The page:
I tried to sell a manuscript, but was told there was no market for scifi satire. Which is probably true. An agent asked if I had any Young Adult, which I guess was a compliment. Unless you’ve seen anything by Stephanie Meyer, who proves that no matter how shitty you write, as long as you write about vampires you can get a book deal.

    No offense, Watts. Heh.

  3. Aaron Says:

    you’re a crazy. i found the illium/olympus line to be some of the best i’ve read in a long while. and yes, while there were a numerous (not disparate) story lines, they all tied together and were never hard to follow. and i certainly wouldn’t call the story movement glacial. i lost many hours of precious sack time on account of that book.
    “just going to read to the chapter’s end,” i say. “going to bed soon,” i’d say. and then POW 200 pages later the book would still be staring me in the face as i desperately tried to ignore the nagging glow of the alarm clock incessantly reminding me that i had to be up in an hour.
    i’m currently working through cryptonomicon. (and enjoying the crap out of it.)
    my only complaint: he keeps hopping between four different story lines, two of which take place in the past and have different characters, and two of which take place in the present and have the same characters. and he keeps swiching between the latter two with no warning.
    it causes me to stumble.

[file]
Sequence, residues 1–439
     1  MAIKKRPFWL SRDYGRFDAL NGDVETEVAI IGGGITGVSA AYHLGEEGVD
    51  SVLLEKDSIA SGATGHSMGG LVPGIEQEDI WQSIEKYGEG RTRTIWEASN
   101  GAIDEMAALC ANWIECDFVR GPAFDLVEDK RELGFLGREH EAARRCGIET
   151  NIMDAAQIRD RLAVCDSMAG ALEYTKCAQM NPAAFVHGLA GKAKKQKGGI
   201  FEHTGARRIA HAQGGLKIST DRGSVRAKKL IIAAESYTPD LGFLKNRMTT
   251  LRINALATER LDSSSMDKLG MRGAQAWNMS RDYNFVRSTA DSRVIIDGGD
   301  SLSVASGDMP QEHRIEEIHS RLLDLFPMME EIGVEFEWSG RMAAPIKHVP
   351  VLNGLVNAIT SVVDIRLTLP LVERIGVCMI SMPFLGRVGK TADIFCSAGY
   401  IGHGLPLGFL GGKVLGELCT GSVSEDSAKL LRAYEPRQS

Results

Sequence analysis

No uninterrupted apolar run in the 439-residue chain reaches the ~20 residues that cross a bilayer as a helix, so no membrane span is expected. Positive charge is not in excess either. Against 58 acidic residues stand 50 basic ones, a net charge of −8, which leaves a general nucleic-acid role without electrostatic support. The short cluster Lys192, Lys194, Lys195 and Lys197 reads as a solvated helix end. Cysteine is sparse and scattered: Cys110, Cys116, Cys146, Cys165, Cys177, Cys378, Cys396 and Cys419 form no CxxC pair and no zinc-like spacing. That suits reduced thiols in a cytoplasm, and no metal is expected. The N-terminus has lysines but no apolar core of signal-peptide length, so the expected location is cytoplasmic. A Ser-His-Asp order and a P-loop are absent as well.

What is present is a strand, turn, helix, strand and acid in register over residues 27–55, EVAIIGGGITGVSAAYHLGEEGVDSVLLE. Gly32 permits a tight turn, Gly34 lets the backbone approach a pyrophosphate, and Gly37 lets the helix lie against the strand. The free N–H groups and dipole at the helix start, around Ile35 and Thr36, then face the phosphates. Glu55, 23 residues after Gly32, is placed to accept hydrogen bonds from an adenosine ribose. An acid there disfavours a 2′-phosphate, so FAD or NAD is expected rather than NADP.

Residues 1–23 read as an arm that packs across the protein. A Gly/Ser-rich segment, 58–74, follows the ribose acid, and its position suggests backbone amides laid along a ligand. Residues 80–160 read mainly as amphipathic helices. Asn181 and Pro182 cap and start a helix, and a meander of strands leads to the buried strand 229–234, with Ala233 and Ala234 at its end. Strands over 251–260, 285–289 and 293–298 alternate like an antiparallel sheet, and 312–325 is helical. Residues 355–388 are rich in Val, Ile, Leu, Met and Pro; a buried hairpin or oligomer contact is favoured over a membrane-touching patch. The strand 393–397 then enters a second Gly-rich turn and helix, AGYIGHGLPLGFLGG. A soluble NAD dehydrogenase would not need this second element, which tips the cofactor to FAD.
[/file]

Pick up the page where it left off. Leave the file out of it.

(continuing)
4. Sunday Says:

    Don’t you say nothin bad about Cryptonomicon on my website.

  5. Aaron Says:

    i didn’t. in fact i said i was ‘enjoying the crap out of it.’
    also, one of the story lines seems to have recently ended.
    so. i stumble no more.

  6. xadrian Says:

    @Aaron – my apologies. Ilium was indeed enjoyable, to the extent that I wanted to draw all the characters, something I’m not normally moved to do. I only used it as an example of a book that’s hard to get into. You have to admit, starting with the Professor at Troy and then the dandy humans on the NeoVictorian estate, THEN the robots on Jupiter was jarring. It literally took me three time to start it. The human parts were just too boring at first, BUT it was a rough time in my life and when I started it later (and during a better time) I was able to get through it and enjoy it. To wit, personal current situations impact your tolerance for the literature.

    However, I’m currently reading neuroplasticity and cortical mapping books, so what do I know? ;)

  7. quagmire Says:

    @xadrian: Actually, I think your comment is right to the point and well stated! I especially like your analogy to wine and cheese and what is going on in a person’s life at the time they ‘ingest’ a book, music or whatever. It all has to do with what those dendrites store in our memory-hole. I still think of wonderful snowy days when I smell real vanilla. Growing up in the south, my mom would make what po’ folks called snow-cream. We couldn’t afford ice cream, so she’d mix fresh fallen, pristine (no yellow!) snow in a big bowl with a little cream and vanilla … sigh